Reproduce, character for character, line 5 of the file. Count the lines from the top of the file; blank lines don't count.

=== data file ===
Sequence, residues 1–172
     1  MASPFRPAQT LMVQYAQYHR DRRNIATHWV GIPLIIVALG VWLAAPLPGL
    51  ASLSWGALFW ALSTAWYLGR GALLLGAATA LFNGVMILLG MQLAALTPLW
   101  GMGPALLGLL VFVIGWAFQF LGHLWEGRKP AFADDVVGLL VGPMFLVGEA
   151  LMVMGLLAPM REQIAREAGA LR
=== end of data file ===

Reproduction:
   151  LMVMGLLAPM REQIAREAGA LR